How to Cure Condensation

Condensation is most immediately obvious as a ‘misting’ of windows at night and, in serious cases, as water streaming down on to window sills. It is caused by warm, moist air meeting a cold surface.

All air in a house contains a certain amount of moisture (water vapour), but at any one temperature there is a maximum amount it can contain an amount known as saturation. The saturation level depends on temperature – the warmer the air, the more water vapour it can have.

If warm, moist air meets a cold surface such as a window or wall, it is cooled to a point – the dew point – where the amount of water vapour present is too much and the excess condenses out on the surface as water droplets.

Condensation is probably the number one problem in houses – and much of it has been caused by our desire toinsulate and draught-proof in order to reduce fuel bills. In Victorian times, when houses were well ventilated (in fact, draughty) and heat­ing was provided by cheap solid-fuel fires, condensation was an unknown problem. In modern houses with central heating and equipped with good loft insulation and comprehensive draught-proofing, condensation can happen in all sorts of places

Room Condensation

– windows, walls, inside fitted wardrobes and, more seriously, inside bricked-up chimneys and inside the loft space. Curing it is not always easy.

Curing condensation

Unless you understand the causes of con­densation and how all the potential cures interplay, you will never be able to deal with the problem effectively. Unfortu­nately, there are a great many reasons why condensation occurs. In simple terms, it depends on four main factors – the surface temperature of walls, windows and so on; the amount of heat you put into your house; how much ventilation you provide and how much moisture you produce.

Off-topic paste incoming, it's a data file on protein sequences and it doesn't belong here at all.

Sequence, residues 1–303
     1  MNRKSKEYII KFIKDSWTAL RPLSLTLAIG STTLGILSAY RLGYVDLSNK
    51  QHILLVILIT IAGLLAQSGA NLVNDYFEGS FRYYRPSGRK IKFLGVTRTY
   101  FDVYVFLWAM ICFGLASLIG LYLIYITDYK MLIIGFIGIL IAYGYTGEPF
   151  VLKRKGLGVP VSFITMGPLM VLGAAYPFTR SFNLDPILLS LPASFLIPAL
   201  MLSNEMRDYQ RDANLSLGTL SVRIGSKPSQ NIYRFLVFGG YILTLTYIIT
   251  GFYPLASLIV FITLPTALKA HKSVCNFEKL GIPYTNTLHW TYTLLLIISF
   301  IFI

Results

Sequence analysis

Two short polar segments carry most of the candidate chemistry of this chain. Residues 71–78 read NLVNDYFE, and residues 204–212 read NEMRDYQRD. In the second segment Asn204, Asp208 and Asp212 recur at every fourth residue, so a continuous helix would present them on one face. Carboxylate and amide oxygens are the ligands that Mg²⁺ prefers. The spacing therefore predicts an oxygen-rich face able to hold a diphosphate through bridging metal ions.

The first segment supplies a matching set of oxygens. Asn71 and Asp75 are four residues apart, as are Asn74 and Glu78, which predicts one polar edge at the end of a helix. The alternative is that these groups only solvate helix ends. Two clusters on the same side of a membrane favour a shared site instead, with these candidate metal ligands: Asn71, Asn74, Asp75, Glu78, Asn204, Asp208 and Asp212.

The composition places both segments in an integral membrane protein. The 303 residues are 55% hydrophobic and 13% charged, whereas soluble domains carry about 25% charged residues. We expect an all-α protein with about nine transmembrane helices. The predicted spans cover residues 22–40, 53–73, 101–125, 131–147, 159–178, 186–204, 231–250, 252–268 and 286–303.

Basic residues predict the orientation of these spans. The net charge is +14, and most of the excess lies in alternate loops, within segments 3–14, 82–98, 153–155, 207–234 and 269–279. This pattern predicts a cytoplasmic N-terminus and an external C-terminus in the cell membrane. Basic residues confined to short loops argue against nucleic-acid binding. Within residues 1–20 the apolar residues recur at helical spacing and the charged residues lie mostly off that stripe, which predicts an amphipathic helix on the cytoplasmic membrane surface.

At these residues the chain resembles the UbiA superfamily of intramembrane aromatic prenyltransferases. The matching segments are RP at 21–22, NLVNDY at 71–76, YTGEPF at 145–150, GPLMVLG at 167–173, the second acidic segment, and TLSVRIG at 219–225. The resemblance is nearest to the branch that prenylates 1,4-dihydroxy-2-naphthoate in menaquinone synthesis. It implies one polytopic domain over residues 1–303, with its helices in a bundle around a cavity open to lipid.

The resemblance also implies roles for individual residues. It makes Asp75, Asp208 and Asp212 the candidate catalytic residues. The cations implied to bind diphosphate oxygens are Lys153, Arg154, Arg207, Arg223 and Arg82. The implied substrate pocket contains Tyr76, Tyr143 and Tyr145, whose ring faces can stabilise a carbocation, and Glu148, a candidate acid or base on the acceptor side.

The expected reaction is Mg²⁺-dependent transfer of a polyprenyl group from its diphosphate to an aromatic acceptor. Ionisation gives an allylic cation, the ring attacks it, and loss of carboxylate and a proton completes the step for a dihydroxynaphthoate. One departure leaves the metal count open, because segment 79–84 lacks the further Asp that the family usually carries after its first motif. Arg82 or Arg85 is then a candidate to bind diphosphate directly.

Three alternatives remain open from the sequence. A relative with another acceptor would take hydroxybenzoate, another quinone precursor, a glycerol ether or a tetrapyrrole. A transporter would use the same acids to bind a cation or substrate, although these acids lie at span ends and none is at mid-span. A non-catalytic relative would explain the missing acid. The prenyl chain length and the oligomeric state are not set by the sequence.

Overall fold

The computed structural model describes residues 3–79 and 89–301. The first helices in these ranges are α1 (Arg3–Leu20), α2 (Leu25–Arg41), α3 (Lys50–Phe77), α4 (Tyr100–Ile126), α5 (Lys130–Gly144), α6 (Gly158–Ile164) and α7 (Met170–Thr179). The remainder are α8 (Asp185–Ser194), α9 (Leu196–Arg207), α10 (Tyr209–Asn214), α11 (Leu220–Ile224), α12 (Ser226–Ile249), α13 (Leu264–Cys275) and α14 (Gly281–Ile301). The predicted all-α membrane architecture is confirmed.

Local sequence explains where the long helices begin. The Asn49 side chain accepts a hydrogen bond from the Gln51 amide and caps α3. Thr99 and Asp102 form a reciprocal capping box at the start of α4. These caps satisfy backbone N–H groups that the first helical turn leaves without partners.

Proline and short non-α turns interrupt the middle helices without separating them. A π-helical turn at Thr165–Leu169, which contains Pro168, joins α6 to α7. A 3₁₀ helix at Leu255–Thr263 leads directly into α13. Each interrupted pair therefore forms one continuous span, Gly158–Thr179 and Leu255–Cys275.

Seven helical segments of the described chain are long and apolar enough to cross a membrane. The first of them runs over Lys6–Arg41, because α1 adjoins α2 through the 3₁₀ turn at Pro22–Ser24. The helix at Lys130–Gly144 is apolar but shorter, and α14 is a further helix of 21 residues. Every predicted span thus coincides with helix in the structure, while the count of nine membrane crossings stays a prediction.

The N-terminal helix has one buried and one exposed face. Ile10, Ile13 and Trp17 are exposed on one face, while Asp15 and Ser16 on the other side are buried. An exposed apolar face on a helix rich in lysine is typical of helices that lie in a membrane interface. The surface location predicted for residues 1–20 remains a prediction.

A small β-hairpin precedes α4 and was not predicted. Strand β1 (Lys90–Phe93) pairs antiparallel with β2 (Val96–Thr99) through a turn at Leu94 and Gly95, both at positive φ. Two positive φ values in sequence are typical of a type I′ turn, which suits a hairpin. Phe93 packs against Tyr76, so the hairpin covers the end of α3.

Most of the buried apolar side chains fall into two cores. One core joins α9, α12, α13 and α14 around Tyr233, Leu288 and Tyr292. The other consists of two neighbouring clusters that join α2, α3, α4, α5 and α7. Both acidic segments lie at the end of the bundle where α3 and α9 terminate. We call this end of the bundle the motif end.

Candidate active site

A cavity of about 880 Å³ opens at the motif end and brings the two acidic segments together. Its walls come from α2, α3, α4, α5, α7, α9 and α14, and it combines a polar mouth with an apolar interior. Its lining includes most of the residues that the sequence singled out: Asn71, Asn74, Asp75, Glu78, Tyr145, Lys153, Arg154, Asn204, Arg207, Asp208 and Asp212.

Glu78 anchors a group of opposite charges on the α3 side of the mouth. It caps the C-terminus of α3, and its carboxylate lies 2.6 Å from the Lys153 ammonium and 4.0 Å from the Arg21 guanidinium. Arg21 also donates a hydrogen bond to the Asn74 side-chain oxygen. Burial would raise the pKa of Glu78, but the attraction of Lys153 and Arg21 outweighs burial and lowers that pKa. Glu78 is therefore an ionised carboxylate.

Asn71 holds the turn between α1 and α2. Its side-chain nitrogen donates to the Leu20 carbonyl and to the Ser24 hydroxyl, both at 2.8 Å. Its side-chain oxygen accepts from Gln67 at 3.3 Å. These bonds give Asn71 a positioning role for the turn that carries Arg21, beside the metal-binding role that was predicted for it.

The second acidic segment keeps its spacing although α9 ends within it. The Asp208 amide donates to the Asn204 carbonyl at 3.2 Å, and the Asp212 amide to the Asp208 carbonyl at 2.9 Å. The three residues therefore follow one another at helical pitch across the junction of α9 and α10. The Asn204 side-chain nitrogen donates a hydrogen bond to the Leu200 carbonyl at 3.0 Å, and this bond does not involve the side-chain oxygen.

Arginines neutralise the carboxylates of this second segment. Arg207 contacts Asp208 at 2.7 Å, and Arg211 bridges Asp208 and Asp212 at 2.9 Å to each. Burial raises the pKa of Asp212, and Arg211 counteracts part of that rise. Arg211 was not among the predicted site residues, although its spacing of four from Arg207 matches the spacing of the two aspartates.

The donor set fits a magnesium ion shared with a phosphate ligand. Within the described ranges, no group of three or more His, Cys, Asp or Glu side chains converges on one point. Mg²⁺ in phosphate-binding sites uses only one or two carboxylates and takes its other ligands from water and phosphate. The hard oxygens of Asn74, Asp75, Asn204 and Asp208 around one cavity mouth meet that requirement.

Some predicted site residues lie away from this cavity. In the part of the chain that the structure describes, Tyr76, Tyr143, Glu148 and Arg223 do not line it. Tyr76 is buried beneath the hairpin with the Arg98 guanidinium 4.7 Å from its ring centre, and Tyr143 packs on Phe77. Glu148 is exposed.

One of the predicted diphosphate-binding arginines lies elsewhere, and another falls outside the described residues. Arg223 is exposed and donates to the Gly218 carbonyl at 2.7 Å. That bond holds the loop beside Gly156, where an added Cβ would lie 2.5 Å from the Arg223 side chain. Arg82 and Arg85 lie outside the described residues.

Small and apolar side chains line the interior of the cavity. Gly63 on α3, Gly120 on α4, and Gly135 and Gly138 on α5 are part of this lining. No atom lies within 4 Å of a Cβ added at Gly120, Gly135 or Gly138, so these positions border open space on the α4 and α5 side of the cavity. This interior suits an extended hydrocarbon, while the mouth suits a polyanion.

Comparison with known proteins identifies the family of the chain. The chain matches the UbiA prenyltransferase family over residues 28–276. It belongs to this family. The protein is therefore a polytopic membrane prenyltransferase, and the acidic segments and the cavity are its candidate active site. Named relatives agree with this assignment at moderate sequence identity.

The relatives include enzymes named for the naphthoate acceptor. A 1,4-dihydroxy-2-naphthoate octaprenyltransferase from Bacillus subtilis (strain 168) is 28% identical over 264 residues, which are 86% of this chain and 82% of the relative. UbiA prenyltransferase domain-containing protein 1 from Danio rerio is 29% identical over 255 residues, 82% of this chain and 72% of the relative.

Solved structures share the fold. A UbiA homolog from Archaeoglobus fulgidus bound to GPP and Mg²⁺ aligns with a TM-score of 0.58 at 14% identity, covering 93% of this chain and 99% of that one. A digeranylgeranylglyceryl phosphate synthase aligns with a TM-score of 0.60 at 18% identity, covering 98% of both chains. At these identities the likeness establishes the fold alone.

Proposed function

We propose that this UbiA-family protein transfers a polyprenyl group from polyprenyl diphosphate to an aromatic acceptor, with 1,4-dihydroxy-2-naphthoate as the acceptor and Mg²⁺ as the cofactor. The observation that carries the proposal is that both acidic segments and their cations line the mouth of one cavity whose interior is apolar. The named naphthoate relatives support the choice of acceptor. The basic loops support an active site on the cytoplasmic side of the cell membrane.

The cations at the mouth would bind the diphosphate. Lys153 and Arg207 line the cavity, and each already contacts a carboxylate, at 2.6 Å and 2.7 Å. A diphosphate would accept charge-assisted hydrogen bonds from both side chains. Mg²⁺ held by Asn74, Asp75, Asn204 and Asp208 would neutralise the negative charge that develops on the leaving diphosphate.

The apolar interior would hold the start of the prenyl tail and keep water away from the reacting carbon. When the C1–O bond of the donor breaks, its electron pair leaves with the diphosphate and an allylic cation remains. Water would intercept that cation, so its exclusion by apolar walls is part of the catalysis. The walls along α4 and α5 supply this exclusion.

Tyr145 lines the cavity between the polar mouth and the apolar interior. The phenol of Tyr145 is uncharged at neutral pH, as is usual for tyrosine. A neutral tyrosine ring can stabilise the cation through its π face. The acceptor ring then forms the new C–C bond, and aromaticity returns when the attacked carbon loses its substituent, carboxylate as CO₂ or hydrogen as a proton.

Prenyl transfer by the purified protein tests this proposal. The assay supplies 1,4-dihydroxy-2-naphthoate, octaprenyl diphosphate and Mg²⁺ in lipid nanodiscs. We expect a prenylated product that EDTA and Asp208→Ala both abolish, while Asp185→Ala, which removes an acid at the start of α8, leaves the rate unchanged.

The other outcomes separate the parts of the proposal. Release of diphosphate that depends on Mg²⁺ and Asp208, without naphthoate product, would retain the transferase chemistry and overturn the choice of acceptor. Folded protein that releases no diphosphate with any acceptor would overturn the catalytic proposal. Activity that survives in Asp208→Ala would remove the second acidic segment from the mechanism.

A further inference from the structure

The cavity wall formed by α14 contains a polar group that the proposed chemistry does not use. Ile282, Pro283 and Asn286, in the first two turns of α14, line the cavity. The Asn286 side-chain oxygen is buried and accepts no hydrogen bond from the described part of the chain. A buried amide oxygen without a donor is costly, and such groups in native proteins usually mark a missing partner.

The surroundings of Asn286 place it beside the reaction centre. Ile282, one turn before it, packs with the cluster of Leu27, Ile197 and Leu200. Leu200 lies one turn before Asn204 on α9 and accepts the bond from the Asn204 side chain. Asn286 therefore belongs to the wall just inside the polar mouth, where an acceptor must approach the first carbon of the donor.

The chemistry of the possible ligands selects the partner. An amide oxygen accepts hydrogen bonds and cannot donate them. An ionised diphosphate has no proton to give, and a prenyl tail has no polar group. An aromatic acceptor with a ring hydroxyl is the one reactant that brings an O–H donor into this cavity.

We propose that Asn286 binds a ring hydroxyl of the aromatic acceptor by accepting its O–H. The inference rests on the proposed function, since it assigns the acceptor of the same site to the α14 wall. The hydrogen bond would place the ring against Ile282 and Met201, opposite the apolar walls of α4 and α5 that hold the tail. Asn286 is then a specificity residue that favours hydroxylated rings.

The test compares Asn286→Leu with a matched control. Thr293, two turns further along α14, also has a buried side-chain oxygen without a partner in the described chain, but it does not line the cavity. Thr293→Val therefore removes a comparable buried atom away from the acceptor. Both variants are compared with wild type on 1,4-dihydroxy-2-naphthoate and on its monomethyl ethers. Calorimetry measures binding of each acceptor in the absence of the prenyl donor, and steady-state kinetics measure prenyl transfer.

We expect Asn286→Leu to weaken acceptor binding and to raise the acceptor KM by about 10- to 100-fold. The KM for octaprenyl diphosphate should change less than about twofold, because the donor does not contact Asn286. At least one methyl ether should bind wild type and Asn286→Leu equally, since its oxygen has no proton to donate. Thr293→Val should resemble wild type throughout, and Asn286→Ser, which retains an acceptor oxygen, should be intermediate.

Basically, to cure condensation, you have to warm the affected part of the house or reduce the amount of water vapour in the air, or both. But in practice it is not quite as simple as this: you have to get the right balance between the four main factors and, to make things even more difficult to work out, all four are individually quite complicated.

You may obtain the solution to a con­densation problem by changing one fac­tor, but in many situations it may be desirable (or necessary) to change two or more. For example, a condensation prob­lem on the inside surface of an internal wall may be remedied by:


  • increasing the heat input to the room
  • increasing the thermal insulation of the wall
  • applying a lightweight lining (insulated or uninsulated) to the inside surface of the wall
  • increasing the ventilation of the room
  • using a dehumidifier.

Before making any decision about which way to solve a condensation problem, consider all the options, taking into account cost and whether the solution will be effective in the short or long term.

Filed Under: Home & Maintenance


About the Author: Jason Prickett loves to write about home maintenance and stuff you can do yourself instead of hiring any professional. His step by step guides will assist you in completing your home maintenance tasks.

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